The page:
Boston Globe editorial writer Kathleen Kingsbury was awarded a 2015 Pulitzer Prize Monday for a series of pieces about restaurant labor that judges lauded for exposing “the real price of inexpensive menu items and the human costs of income inequality.”
Kingsbury, who now edits the paper’s Ideas section, won for editorials published in 2014 that chronicled hardships faced by many restaurant workers who do not earn a living wage. The series, “Service Not Included,” also explored ways to improve conditions, such as raising the minimum wage for tipped workers and forming food service unions.
The honor for Kingsbury, 36, was the Globe’s eighth Pulitzer Prize in 13 years and the newspaper’s 24th overall. Administered by Columbia University, the Pulitzers are considered journalism’s most prestigious awards.
“When we on the opinion pages talk about inequality and injustice in America, it tends to be said in very abstract terms,” associate editor Dante Ramos said during a newsroom celebration. “What Katie’s reporting did was provide a very close window into the people who were affected by this.”
Kingsbury, who joined the Globe editorial board in 2012, called the award “an incredible honor.”
“The American restaurant industry is the fastest growing in the country, and because of antiquated customs, including tipping, its 13 million workers are routinely underpaid and abused by employers,” she said. “Being able to shine a light on such injustices on the Globe’s editorial page was an enormous privilege, and I can only hope that winning this award will further that cause.”
This year’s public service award went to The Post and Courier of Charleston, S.C., for what the Pulitzer board called “a riveting series that probed why South Carolina is among the deadliest states in the union for women.” The public service category is considered the most prestigious of the prizes; winners receive a gold medal.
The Globe’s Spotlight Team was a finalist for the public service award for a series about unsafe — sometimes even deadly — housing conditions for thousands of college students in Boston.
Globe reporter Sarah Schweitzer was a finalist in the feature writing category for her story about a scientist’s mission to save a rare whale, which the judging panel described as “a beautiful story fortified by expansive reporting, a quiet lyricism, and disciplined use of multimedia.”
The New York Times collected the most awards, three, with wins in the international reporting and feature photography categories and a share of the investigative reporting award, which also went to The Wall Street Journal.
Carol D. Leonnig of the Washington Post won the national reporting prize for her coverage of security lapses by the Secret Service, and the staff of The Seattle Times won the breaking news award for its digital account of a landslide that killed 43 people.
In the arts, Anthony Doerr, a former science columnist for the Globe Books section, won the fiction prize for “All the Light We Cannot See,” a novel set in World War II that judges praised for “short, elegant chapters that explore human nature and the contradictory power of technology.”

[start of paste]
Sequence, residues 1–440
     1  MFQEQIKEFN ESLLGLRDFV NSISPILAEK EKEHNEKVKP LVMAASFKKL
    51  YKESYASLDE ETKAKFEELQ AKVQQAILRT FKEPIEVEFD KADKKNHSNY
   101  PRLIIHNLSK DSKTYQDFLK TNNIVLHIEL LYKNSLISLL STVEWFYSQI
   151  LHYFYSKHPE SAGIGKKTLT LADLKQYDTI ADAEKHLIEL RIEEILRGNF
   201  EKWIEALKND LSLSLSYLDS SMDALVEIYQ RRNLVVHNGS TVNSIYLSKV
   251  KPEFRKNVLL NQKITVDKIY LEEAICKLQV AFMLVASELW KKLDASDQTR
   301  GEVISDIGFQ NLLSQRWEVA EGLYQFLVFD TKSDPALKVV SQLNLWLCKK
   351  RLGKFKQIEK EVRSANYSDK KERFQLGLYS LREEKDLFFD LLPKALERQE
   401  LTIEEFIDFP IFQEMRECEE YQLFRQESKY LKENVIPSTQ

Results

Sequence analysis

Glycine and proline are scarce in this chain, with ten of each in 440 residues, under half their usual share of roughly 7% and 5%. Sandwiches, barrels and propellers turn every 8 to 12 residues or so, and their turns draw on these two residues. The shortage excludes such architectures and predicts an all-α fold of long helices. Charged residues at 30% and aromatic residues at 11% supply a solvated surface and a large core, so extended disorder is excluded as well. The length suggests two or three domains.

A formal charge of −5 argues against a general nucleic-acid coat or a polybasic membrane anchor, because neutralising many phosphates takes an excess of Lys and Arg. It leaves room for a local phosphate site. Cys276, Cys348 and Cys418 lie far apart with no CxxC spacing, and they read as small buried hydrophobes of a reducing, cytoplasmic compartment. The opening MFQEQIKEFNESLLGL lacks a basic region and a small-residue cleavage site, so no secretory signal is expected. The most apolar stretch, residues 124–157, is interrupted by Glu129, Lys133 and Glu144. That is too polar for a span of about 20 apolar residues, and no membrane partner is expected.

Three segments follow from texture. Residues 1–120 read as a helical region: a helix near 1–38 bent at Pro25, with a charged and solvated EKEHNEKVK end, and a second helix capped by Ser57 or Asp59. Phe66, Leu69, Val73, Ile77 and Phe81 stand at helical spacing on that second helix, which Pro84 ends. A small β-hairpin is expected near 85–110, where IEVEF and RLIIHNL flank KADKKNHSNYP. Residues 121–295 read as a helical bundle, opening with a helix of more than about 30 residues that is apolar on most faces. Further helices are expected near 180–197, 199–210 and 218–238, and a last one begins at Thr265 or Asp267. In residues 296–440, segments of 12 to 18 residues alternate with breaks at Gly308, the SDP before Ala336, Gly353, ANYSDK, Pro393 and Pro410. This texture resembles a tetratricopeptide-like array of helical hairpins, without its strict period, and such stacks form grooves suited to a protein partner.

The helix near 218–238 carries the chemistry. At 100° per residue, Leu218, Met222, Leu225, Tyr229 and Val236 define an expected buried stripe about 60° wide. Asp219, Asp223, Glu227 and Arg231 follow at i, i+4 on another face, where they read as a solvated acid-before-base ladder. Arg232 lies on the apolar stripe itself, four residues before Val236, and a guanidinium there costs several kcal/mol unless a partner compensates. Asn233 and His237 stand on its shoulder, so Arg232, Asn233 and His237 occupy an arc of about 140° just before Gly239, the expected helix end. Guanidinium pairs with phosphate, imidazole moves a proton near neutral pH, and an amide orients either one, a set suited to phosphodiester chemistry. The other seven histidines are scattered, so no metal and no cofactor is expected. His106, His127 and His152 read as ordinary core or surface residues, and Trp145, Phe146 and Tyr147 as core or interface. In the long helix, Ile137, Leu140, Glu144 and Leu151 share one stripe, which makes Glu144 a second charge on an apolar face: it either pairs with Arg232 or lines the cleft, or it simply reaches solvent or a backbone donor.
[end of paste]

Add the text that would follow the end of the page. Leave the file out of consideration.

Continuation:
Elizabeth Kolbert, a Williamstown writer, won for her nonfiction book, “The Sixth Extinction: An Unnatural History,” about human impact on the environment.
Kingsbury, who also serves as a deputy managing editor for the paper, is a former staff writer and Hong Kong-based Asia correspondent for Time magazine.
Her winning editorials were not only a critique of the restaurant industry but also of restaurant patrons. One piece opened with a sharp description of the contemporary diner’s moralistic mentality:
“Americans have started to care deeply about how their food came to be,” Kingsbury wrote. “At restaurants, we ask probing questions: Are the greens organic? Were the cows grass-fed? We fret over whether our chicken could run around the farmyard. We take comfort in knowing that the pickles were prepared in-house, and that the cucumbers came from just an hour away. In short, we’ve come to demand high quality and sustainable sourcing in every part of a restaurant’s operation.
“Well, except in how the employees who work there are treated.”
Kingsbury called out public officials, too. She noted that the city of Boston granted a full liquor license to Bukhara Indian bistro in Jamaica Plain less than a year after employees sued for almost $200,000 in lost wages, claiming restaurant owners had made them work for weeks without pay. The owners and workers ultimately reached a settlement.
Said Globe editor Brian McGrory: “News organizations are at their very best when they give voice to those who wouldn’t otherwise have one, and that’s what Katie did on our editorial page, brilliantly.”
McGrory oversees the news operation; the editorial page editor is Ellen Clegg.
Peter Canellos, the Globe’s editorial page editor at the time much of the series was published, added that “Service Not Included” stood out for its thoughtful consideration of solutions to the problems it identified.
“Katie’s writing and reporting brought attention to a serious injustice but also pointed the way to better lives for millions of workers,” said Canellos, now executive editor of Politico. “This award is a tribute to the Globe’s commitment to maintaining a large and talented staff of editorial writers and columnists who illuminate issues in Boston and beyond.”